The papers documenting Morrison’s editorial work at Random House are held at Columbia University’s Rare Book and Manuscript Library. The archives showcase not just Morrison discussing with Davis the meaning of memoir, alongside edits of single phrases, but also Morrison advocating for Davis within the publishing company. Indeed, the archives make clear that Morrison ushered Davis’s story into print by exerting her own force of will, confident that the Autobiography revealed “what it was like to be caught in the arms of American ‘justice.’” Ultimately, the book became a platform for Davis: in Morrison’s papers are dozens of schedules for book talks, publicity tours, and speaking engagements.

The Autobiography was an important success for Random House, in spite of some misgivings among higher-ups about the book’s combative tone, not to mention its political radicalism. These editorial skirmishes came to a head after Davis delivered the full manuscript. At that point, Random House’s partner publisher, Bantam, offered reviews of the Morrison-edited manuscript that were highly critical. The archive at Columbia does not contain precisely what they wrote about the Davis draft, but the reviewers’ suggestions can be surmised from Morrison’s fiery, point-by-point rebuttal.

To the reviewers who complain about “the absence of a real (meaning human and vulnerable) person,” Morrison writes that “like most people this reporter wants to use Angela’s life for some personal reasons.” It is curious, Morrison notes, that a reviewer who would prefer that Davis’s manuscript offer ways to “strengthen myself” would also like her story to be more personal and less political. Moreover, these readers who want more of a self-help book than a political diagnosis of American racism fundamentally misunderstand Davis. According to Morrison, the publishers’ readers see Davis’s polished self-presentation and her “good and pleasant manners” as proof that she is different than the manuscript presents her: more relatable and less serious, more human and less political.

But as the archives make clear, Morrison assures the publisher that they are profoundly mistaken. If they questioned the larger integrity of Davis’s manuscript, Morrison warned, they’d have to find another editor. “How nice it would be,” she added sarcastically, in a comment that reaches across the decades into today, “if Angela were really Jane Fonda and not Jean [sic] d’Arc.”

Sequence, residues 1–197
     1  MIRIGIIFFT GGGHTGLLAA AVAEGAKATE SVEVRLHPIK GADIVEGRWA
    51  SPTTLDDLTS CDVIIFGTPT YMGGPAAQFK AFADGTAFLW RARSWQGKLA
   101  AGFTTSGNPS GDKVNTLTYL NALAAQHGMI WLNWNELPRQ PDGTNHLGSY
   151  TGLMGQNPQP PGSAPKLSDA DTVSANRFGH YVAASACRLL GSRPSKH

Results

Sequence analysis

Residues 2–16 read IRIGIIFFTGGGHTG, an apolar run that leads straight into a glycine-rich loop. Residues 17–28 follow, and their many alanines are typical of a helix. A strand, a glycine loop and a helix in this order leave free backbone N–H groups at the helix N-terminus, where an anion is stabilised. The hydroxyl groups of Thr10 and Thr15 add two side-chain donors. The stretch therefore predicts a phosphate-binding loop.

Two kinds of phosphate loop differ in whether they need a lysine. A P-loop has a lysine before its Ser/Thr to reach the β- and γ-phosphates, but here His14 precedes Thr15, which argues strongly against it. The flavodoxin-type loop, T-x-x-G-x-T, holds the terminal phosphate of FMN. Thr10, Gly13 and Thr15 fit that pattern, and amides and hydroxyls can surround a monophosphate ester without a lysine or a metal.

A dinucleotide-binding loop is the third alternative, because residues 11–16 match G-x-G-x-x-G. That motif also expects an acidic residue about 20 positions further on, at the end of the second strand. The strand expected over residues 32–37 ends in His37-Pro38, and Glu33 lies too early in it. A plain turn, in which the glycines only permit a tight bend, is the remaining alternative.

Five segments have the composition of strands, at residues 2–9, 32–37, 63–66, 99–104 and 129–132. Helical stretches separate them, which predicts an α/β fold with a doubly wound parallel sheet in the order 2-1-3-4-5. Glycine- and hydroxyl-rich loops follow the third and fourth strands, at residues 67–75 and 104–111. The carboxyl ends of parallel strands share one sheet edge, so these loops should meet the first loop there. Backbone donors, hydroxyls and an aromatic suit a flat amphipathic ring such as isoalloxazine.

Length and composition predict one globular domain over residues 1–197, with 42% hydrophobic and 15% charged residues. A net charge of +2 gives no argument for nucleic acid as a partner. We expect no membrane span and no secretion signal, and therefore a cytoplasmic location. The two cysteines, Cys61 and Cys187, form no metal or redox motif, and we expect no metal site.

About five years into her tenure at Random House, Morrison had earned a reputation as a tireless fighter for the authors she represented. In 1977, when poet June Jordan published Things that I do in the Dark: Selected Poems, the acknowledgment included Morrison, “my editor, [who] kept on believing this book into print.”

Morrison’s editing career began in 1965 when she spotted an ad in the New York Review of Books for a position at the textbook company L. W. Singer in Syracuse. Living at the time in her hometown of Lorain, Ohio, Morrison had recently divorced Harold Morrison, an architect she met while teaching at her alma mater, Howard University. She got the job at Singer, purchased soon thereafter by Random House. After relocating to New York, Morrison wrote and published The Bluest Eye (1970) and worked on Sula during the year she collaborated with Davis. In 1980, a couple of years before leaving Random House to write full time, she received a letter from Toni Cade Bambara describing her progress on what would become The Salt Eaters. Bambara wrote: “I more fully appreciate a comment you made/often make about you and writing and time, etc. The short story is a piece of work. The novel is a way of life. It’s devastating. How the hell do you do it, Lady? Stunning. (You are, I mean).”.]